Performance pay won’t lead to teachers hoarding resources or refusing to collaborate for fear of losing out

January 3, 2014

In 2009, a US not-for-profit group called the New Teacher Project held a study into the school improvement strategies conducted by various school districts. It concluded that there was a unanimous belief that improving teaching was the strongest lever available to schools and districts. Despite this, teachers weren’t being treated like professionals, or differentiated or in any way respected as the key to raising standards. Rather, they were treated as widgets in a factory production line.

Admittedly the English system is not the US system – but teachers here have often been treated in much the same way. Nowhere is this more evident than the way in which they are paid during their first few years of teaching. Under the previous system, teachers automatically progressed up the pay scale every year: they were paid more for an additional year’s experience, regardless of their quality, their attitude or their impact on pupils.

No high-performing organisation ought to treat its main asset in this way – and, indeed, many in the corporate space operate a form of performance-related pay (PRP). When looking at the Times’ Top 100 Firms 2012-2013 (rated by graduates themselves as the best places to work), it’s no surprise that a substantial number of them offer performance-related pay and progression as part of their graduate schemes. These kinds of systems are common across multiple industries that consistently rank highly: the “Big Four” accountancy firms, three of which top the table of graduate destinations; John Lewis (ranked 10th); the financial organisations (four of the top 20); and management consultancy firms (15 of the top 100). Graduates are attracted to these companies in the knowledge that they will be rated on their performance and paid accordingly.

Following the intervention of schools secretary Michael Gove, schools should now be doing the same. Since last September, they are meant to have been offering a system of PRP for teachers on what is known as the “Main Pay Scale”. This is meant to bring those teachers – about 45 per cent of the full time workforce – in line with their more-experienced colleagues and school leaders, who are already paid under a system of PRP. Today’s report from Policy Exchange – Reversing the ‘Widget Effect’ – looks at what this will mean and how best to deliver it.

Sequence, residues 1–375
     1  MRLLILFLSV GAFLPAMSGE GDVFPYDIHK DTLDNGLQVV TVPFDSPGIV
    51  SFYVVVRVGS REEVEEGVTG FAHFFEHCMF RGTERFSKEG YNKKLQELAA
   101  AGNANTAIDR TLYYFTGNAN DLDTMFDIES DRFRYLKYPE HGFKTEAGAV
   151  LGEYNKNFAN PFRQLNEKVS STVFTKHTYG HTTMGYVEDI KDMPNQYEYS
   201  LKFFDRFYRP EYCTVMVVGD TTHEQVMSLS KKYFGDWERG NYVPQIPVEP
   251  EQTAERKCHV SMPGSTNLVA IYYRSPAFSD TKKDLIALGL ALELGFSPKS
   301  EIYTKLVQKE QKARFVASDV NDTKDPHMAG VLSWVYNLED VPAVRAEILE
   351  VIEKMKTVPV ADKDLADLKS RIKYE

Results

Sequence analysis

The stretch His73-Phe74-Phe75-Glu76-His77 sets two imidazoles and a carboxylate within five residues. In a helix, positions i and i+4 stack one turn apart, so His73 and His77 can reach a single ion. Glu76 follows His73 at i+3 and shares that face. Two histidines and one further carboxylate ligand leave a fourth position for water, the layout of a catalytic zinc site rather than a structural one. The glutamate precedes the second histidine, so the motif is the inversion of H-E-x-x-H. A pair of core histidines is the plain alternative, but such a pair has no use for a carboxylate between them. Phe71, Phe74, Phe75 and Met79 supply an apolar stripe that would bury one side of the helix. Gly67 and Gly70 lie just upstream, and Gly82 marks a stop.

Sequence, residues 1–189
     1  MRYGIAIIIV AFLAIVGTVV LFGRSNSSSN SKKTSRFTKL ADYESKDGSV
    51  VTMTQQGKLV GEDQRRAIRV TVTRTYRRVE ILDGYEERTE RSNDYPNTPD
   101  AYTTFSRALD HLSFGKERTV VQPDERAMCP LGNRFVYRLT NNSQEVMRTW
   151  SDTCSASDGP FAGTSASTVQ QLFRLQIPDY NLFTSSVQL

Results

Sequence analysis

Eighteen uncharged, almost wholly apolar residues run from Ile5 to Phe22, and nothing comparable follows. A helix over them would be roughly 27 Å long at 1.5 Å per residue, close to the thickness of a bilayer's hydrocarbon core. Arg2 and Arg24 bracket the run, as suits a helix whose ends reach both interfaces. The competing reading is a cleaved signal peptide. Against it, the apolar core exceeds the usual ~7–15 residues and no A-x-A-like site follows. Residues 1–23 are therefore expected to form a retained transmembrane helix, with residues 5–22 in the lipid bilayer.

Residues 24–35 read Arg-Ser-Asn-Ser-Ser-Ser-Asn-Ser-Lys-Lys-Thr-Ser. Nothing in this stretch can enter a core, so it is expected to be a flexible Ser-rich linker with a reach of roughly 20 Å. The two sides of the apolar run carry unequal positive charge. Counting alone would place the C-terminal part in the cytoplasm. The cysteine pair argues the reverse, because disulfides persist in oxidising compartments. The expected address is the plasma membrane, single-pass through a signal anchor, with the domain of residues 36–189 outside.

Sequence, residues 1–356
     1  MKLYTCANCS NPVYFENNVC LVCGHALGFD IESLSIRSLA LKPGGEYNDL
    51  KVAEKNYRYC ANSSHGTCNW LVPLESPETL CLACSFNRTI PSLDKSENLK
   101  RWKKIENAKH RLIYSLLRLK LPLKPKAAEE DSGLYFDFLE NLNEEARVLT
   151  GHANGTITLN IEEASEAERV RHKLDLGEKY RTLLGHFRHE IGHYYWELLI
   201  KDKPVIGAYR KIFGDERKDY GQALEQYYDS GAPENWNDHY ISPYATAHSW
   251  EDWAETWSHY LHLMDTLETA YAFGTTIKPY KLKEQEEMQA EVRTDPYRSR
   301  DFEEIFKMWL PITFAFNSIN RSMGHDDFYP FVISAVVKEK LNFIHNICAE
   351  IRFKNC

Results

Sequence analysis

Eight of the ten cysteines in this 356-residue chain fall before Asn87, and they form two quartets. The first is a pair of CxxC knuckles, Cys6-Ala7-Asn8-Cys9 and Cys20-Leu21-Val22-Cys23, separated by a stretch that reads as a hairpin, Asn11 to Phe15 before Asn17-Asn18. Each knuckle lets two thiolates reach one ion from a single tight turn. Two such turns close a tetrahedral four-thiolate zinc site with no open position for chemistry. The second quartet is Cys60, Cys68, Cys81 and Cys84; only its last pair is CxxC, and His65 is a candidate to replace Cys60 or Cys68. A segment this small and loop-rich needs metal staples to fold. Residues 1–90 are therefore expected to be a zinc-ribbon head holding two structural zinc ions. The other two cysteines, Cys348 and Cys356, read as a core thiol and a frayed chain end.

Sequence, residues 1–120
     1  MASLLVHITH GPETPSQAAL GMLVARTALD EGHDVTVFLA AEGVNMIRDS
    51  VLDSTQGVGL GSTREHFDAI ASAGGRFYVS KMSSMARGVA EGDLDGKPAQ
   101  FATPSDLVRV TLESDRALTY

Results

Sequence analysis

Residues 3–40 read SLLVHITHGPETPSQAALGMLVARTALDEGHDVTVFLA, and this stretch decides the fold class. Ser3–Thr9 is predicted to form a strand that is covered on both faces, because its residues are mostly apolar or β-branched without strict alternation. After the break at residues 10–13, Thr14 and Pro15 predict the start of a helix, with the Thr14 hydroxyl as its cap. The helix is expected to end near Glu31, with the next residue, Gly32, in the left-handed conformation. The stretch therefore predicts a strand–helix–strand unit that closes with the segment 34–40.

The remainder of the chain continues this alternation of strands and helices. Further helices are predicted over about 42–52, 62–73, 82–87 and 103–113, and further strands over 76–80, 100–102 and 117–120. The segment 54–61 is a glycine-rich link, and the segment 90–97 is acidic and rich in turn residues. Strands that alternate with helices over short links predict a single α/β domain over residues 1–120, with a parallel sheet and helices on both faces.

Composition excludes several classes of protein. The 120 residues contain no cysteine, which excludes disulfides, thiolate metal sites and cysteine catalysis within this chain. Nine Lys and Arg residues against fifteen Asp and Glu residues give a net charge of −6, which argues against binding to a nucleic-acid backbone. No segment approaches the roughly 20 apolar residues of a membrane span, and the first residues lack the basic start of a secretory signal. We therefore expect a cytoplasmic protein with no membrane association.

It is worth taking a moment to consider some of the arguments raised against PRP – largely from the teaching union leaderships. Some of the unions say that there’s no evidence to show that PRP works. But this is factually untrue: studies from Dallas, Denver, Washington DC, Arkansas and Israel have all found a demonstrable improvement in pupil outcomes (in fairness, studies in Portugal, Tennessee and New York City showed no such benefits).

Others say that the complexity of the links between teaching and outcomes makes PRP inappropriate. But, although teaching is indeed complex, it is not uniquely so, nor does it defy measurement. Research by the Gates Foundation has shown that multiple measures of teacher effectiveness (eg, pupil progress on tests, classroom observations, feedback from pupils and teachers) can be used to make very accurate predictions of future pupil progress. In other words, teacher effectiveness can be measured.

Lastly, I have more faith in teachers’ goodwill and professionalism than their unions seem to have. I doubt very much that the introduction of PRP will lead to teachers hoarding resources or refusing to collaborate with their colleagues for fear of losing out.

Polling published by Policy Exchange for this report shows that mainstream teachers are more optimistic about the potential for PRP than their own unions. Of those teachers surveyed, nine out of ten teachers said they want to be paid on the quality of their teaching. And although many are rightly cautious about the need for the system to be fair, they are prepared to give this a chance. George Parker, the former head of the teachers union in Washington DC, saw a very similar effect when he controversially signed a PRP deal for the District. Yet the evidence is now clear. As George explained when he came to London a few months ago, although unions raised objections, most mainstream teachers valued the extra recognition and financial reward. And since its introduction, teacher recruitment in DC is up and outcomes for children are improving. This is the type of effect that I want to see in schools in England.

To make PRP work, schools will need to work hard to design systems that are reliable, have credibility with teachers and reward collaboration and pupil progress. This is no small task, raising questions about the effectiveness of the Department for Education’s current “hands-off” approach. If schools are to reverse that pernicious widget effect, though, they should ignore the unions – and start treating teachers like professionals.

This article originally appeared on the TES website (£)

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